Leaky weirs, goats and fencing make the Maslin farm profitable

Investing in the land and ensuring the sustainability of their family owned property near Bombala, has been the priority of the Maslin family for the past several years. 

cattle grazing in New South Wales
Ensuring proper ground cover is important as a food source for livestock and to prevent erosion
Wikimedia commons

The property has been in the Maslin family for over 100 years. Around 10 years ago, it started to experience variations in profitability. In previous years, the property had been managed by adhering to set stock numbers, using dams and rivers for watering animals, and trucking in feed during dry years.

In 2007, the family agreed to participate in a Meat and Livestock Australia trial to make an assessment of the property. The trial identified concerning problems.

One of the problems was a less than 70 percent ground cover on the property. Additionally, a neighbour who had collected rainfall records since 1858 showed that the only consistent pattern over this time was that for every above-average year of rainfall, there would be a correlating two years of under-average rainfall.

This information led the Maslins to take action to improve conditions on their property to ensure that it was more drought-resistant and capable of making returns in drought periods.

They identified two areas to address:

1. The property needed increased ground cover so as to provide more consistent pasture for stock. The Maslins planned to address erosion on the property to improve soil quality. Weeds also needed to be managed to encourage the growth of grasses.

2. They needed to improve their water storage capability to make the most of abundant rainfall years. The Maslins decided to conduct earthworks that would impact positively on the flow of water across the property. They also worked to preserve the health of their natural waterways by reducing the impact of stock and the effects of erosion in times of flood.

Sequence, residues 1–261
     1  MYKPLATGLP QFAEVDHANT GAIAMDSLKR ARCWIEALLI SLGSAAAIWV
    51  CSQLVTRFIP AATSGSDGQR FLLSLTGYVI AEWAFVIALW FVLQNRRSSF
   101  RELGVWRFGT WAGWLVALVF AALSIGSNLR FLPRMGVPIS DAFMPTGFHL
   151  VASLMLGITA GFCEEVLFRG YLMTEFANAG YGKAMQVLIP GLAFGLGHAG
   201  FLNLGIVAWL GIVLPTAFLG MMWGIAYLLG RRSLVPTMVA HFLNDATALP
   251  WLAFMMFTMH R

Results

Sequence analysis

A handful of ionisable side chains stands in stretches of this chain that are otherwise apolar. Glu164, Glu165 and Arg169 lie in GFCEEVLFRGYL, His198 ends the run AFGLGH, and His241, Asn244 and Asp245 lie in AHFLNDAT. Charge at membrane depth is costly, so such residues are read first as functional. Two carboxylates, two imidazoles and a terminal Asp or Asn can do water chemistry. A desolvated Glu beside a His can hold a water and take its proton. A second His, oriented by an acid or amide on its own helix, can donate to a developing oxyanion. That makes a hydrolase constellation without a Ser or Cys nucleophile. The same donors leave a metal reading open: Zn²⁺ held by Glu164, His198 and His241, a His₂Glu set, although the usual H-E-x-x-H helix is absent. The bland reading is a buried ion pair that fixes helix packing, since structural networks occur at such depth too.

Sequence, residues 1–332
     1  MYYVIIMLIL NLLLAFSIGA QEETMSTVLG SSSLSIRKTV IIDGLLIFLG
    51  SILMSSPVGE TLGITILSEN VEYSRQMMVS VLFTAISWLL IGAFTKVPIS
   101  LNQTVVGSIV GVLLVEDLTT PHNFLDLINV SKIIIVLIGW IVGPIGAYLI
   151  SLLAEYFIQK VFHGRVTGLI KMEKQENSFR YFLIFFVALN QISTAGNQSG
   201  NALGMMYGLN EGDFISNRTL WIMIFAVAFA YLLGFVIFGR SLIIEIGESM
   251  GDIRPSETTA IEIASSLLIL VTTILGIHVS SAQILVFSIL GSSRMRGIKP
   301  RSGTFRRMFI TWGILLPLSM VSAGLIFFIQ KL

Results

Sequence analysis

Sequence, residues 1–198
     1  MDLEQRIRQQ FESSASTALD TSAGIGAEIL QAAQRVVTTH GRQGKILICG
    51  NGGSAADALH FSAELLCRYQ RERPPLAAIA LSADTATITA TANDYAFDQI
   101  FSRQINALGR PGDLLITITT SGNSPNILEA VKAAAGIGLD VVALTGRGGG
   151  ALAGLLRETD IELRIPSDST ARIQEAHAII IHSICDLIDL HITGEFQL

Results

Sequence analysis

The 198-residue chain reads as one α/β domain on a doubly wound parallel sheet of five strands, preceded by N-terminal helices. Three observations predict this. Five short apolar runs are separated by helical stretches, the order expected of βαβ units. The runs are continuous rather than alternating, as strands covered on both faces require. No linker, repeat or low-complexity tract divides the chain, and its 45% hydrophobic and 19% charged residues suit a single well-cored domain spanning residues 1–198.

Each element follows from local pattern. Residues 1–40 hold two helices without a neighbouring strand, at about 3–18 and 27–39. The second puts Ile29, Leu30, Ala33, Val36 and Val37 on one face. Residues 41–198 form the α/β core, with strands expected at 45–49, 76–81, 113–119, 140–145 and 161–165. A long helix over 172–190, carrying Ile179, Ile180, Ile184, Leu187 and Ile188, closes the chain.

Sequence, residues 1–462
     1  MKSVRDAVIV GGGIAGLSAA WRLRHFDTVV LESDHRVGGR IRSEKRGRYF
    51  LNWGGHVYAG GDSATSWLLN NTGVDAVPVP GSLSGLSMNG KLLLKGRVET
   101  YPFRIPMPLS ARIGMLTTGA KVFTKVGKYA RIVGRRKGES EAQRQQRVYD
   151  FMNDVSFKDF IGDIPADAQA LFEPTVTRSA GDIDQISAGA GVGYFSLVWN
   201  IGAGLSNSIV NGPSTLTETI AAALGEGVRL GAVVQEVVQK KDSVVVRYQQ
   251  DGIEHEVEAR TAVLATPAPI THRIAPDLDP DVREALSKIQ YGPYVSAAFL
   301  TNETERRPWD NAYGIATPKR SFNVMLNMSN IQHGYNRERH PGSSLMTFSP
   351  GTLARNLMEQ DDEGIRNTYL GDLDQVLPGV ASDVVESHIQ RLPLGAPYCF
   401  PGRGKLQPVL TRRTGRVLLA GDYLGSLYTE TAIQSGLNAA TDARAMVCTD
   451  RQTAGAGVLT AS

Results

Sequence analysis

To address the issue of ground cover, they invested in extensive fencing and began controlling stock movement with the creation of cell paddocks, within which animals were regularly rotated. They also introduced goats to control weeds.

Both techniques proved to be very effective, with the property seeing great improvement in the quality and quantity of ground cover. There has been an increase in coverage of native and introduced grasses from 70% to 85-90%.

To address the issue of unreliable water supply, the Maslins studied the ideas of Natural Sequence Farming. They decided to build leaky weirs throughout the property. Extensive earthworks were conducted using graders which cost about $2500 for the first works and then $200-$400 for each weir following that.  These weirs created a very different course for water to flow through and across the property, from that which previously existed.  The weirs helped trap silt, that would otherwise run off in rainy periods, which greatly improved the quality of water.  The weirs slowed the pace of water, so that the flow continued for weeks following a rain event, rather than a matter of days, as it had previously. The buildup of silt has greatly improved the quality of soil, where it is being deposited.

Other extensive works conducted on the property involved protecting the river ways from stock, by building fences and laying down water reticulation , so that stock no longer had access to dams and rivers, but were watered at designated pumping stations. The pumps are all gravity fed, reducing the need for power. This technique has also vastly improved the health of their waterways, providing clearer, more abundant flow for longer periods of time.

The cost of fencing and earthworks was an investment that the Maslins believe has been well worth making and they are very pleased with the improvements which they are already experiencing.


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